"From that day forward, we began to operate like many successful businesses," Rocque said. "We began to pay attention to the needs of our citizens. Gone were the days when we directed our services to those areas that we perceived were the best interests of the community."

When an engine leaves the station, a critical part of the marketing plan is that the crew includes a person who is a capable and has the authority to make decisions for all of the following elements of every incident:

  • Company officer
  • Firefighters
  • ALS team
  • Confined space rescue technicians
  • Hazmat technicians
  • Public information officer
  • Water rescue capable
  • CPR instructor
  • Community educator
  • Community liaison
  • Inspector
  • Tactical medic
  • Cause and determination expert

After every medical call, the duty crew sends out a special note wishing the person(s) in the incident and the family well. It was never designed to solicit money, but last year Satellite Beach received $5,000 in donations and over 100 letters of appreciation from these follow-up notes. After every fire, the home or business owner is provided with the name and 24-hour contact number of a department member whose specific duty is to assist the fire victim in any manner possible, whether securing temporary housing, a cash advance, ministry, the Red Cross or insurance.

The key lesson here is that one department member is the link for all of the other services and citizen's needs. There is no more traumatic or more bonding situation than an emergency. The last thing a person wants is to be given a list of numbers to call, especially while undergoing the stress of an incident. Having one department member who can handle everything is an emotional value well beyond the saving of property. People expect us to try to save their property and lives. They don't necessarily expect these other services. These "other services" create the relationships that demonstrate why we do our jobs in the first place.

In front of every Satellite Beach fire station is displayed a monthly banner, such as the department motto "To Better Serve Our Community," a safety message or a service message such as "Our Goal Is To Exceed Your Expectations." Visitors are greeted with "Welcome to your Fire Station." Blood pressure screenings are available without appointment from 8 A.M. to 8 P.M. After 8 P.M., citizens can just call 911.

Every summer, the department offers three or four duty tours of "Be a Firefighter for a Day." Children 11 and up spend a day with a crew and participate in the day's activities. This year, the department had to turn away over 50 people. People from other communities also showed interest. Here is a ground-floor way to set the stage for recruiting volunteers. This idea could be expanded to include adults who enroll in a "Citizen Academy."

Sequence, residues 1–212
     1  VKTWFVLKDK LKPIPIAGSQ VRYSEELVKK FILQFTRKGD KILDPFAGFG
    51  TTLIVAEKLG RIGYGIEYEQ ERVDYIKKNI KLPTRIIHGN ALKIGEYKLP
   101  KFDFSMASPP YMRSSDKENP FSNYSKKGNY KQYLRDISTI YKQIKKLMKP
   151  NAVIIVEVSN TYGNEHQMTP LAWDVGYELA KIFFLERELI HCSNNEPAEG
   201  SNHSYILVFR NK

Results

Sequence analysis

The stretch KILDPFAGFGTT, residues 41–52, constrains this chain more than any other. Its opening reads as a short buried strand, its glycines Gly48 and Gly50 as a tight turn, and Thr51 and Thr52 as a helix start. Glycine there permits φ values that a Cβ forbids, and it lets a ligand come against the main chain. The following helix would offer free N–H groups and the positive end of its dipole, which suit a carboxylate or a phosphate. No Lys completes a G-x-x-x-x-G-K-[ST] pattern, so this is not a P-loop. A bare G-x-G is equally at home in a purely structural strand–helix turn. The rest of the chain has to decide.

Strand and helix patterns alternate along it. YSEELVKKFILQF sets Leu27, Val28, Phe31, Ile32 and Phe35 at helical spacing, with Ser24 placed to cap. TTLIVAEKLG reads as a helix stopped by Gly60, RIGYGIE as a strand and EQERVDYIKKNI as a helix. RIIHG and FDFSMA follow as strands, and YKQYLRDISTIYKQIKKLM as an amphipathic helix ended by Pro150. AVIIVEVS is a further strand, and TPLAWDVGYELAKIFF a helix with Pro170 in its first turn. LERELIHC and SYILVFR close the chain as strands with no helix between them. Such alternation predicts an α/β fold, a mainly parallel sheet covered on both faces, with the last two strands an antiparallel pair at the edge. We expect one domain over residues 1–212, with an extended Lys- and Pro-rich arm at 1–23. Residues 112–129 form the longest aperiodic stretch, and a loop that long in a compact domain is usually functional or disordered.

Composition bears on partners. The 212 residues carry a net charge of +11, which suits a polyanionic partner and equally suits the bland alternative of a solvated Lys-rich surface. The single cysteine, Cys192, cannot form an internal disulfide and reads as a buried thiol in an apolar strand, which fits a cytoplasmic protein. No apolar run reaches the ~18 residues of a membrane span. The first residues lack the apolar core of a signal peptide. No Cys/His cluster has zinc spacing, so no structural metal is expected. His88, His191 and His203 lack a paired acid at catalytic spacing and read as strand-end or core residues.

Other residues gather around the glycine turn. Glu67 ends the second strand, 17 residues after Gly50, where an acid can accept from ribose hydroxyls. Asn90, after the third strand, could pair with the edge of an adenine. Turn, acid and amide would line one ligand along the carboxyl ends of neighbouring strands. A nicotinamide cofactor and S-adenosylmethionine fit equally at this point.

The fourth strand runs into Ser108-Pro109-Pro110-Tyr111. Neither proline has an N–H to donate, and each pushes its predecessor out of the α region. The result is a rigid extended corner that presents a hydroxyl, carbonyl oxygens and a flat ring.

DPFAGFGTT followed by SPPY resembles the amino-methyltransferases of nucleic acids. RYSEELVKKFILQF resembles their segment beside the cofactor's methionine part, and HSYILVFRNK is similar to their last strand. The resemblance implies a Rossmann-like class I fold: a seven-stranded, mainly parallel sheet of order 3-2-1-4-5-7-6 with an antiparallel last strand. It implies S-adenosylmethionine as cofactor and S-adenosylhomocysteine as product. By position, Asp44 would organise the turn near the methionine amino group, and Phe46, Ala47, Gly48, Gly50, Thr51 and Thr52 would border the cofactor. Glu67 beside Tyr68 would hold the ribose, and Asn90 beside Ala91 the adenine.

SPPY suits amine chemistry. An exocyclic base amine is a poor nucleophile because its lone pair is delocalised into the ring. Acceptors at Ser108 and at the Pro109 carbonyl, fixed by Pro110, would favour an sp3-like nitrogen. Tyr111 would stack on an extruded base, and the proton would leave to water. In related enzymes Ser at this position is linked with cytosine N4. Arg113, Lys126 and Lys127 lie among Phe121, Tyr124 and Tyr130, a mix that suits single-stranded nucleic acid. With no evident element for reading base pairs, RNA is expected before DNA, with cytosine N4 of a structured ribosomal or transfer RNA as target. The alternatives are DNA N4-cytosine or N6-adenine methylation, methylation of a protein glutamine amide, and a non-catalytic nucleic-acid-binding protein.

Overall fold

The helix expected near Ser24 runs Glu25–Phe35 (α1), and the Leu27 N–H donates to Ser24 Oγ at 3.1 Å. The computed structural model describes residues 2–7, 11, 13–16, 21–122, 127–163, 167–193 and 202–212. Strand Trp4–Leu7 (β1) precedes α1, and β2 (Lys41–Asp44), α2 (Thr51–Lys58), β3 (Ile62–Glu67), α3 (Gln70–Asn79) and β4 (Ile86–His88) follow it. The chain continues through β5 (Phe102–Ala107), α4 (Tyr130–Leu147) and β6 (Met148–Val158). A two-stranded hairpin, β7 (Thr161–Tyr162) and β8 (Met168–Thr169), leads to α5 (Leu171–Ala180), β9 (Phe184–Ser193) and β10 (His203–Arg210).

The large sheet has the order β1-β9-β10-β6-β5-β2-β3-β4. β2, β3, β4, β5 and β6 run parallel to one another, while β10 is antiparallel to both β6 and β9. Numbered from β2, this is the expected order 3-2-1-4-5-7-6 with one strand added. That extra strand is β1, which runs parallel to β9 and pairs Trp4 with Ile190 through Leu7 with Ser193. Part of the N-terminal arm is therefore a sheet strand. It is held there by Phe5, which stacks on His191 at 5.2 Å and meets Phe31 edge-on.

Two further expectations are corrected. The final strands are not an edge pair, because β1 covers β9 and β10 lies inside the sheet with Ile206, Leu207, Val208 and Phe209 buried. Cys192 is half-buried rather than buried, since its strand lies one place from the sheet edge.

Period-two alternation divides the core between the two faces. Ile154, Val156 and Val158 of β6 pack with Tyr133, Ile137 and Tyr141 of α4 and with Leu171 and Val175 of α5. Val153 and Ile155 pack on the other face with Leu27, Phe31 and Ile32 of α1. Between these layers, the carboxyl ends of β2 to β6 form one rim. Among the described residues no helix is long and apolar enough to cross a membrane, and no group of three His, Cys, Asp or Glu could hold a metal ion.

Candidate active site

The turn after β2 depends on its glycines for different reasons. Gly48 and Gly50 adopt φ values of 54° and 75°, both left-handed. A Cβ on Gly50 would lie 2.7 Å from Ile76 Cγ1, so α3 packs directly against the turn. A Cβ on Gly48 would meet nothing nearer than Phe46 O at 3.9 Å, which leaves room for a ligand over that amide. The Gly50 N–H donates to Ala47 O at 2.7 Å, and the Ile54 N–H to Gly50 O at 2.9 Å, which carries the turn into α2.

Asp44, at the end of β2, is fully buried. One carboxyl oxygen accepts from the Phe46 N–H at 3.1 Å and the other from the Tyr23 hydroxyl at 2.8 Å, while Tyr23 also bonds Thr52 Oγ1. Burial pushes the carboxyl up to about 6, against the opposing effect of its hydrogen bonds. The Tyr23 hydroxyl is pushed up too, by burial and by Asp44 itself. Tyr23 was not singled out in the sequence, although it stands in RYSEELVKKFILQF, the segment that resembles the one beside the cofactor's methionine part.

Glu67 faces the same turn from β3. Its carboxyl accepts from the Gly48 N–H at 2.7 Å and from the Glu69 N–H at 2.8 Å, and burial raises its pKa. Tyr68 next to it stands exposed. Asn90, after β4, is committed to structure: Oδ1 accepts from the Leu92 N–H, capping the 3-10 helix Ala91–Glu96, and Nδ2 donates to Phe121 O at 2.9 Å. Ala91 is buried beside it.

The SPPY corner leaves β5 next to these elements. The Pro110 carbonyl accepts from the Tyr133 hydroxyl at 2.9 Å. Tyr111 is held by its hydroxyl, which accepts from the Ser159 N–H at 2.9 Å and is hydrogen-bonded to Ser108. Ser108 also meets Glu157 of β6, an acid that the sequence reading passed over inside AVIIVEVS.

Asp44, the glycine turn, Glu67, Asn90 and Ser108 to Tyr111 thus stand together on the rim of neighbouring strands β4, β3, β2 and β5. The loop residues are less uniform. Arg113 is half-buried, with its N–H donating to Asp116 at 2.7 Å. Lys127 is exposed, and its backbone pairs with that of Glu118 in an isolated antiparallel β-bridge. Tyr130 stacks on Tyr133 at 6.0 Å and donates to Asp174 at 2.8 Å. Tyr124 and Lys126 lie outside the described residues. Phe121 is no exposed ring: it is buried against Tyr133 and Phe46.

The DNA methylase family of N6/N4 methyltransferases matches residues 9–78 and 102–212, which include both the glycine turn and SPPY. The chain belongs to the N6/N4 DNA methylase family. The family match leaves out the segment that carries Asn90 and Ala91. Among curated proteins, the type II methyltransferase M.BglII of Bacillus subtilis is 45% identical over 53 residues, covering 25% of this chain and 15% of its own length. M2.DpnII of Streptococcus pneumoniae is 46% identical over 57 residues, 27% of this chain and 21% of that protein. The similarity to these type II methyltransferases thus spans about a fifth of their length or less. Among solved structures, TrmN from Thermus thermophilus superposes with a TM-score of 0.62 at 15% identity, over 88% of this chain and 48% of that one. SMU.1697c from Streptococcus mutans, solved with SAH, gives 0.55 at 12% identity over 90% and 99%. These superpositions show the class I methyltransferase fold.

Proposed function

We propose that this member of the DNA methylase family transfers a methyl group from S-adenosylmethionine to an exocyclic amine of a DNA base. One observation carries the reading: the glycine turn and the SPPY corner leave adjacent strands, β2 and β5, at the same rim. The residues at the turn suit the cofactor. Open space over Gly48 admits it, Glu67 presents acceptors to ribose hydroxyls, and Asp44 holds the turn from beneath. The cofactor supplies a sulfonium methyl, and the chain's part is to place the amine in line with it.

Satellite Beach has a "Fireman Jim" who is recognized for his unique public safety education presentations. Central Florida Cable TV now airs 30-second "Fireman Jim" safety spots to over 50,000 citizens. The channel won a national award in Texas this year for these safety programs. Many times, Satellite Beach will provide the opportunity for other departments to have their firefighters and equipment in the safety spots.

Marketing Yields Results

The results of these marketing efforts are as follows:

  • 1990 - Built a new six-bay station.
  • 1991 - Purchased a new ALS engine.
  • 1992 - Replaced a staff car.
  • 1996 - Replaced a staff car.
  • 1997 - Purchased a new ALS engine.
  • 1998 - Purchased an additional staff car.

Complete building and vehicle replacement occurred in less than 10 years.

The department has enjoyed a 5% annual budget increase. The fire-medics are among the highest paid in the country, a fact that helps Satellite Beach attract and retain high-quality people. The department uses the most technologically advanced ALS equipment available, while the medics have one of the highest educational and skill levels in the state.

Customer service is the top priority in Satellite Beach. The department enjoys political and popular support. Citizens know that they receive value for their money. In the 12 taxing areas within the county, Satellite Beach ranks in the middle for tax rates. The department provides all of the services and equipment for under $650,000 annually. Intelligent purchasing, quality equipment, ability to set a vision, work out of the box, lead and follow-through have been elements of the department's success. Most important is Rocque's understanding of how to demonstrate the results of the department's actions to its citizens.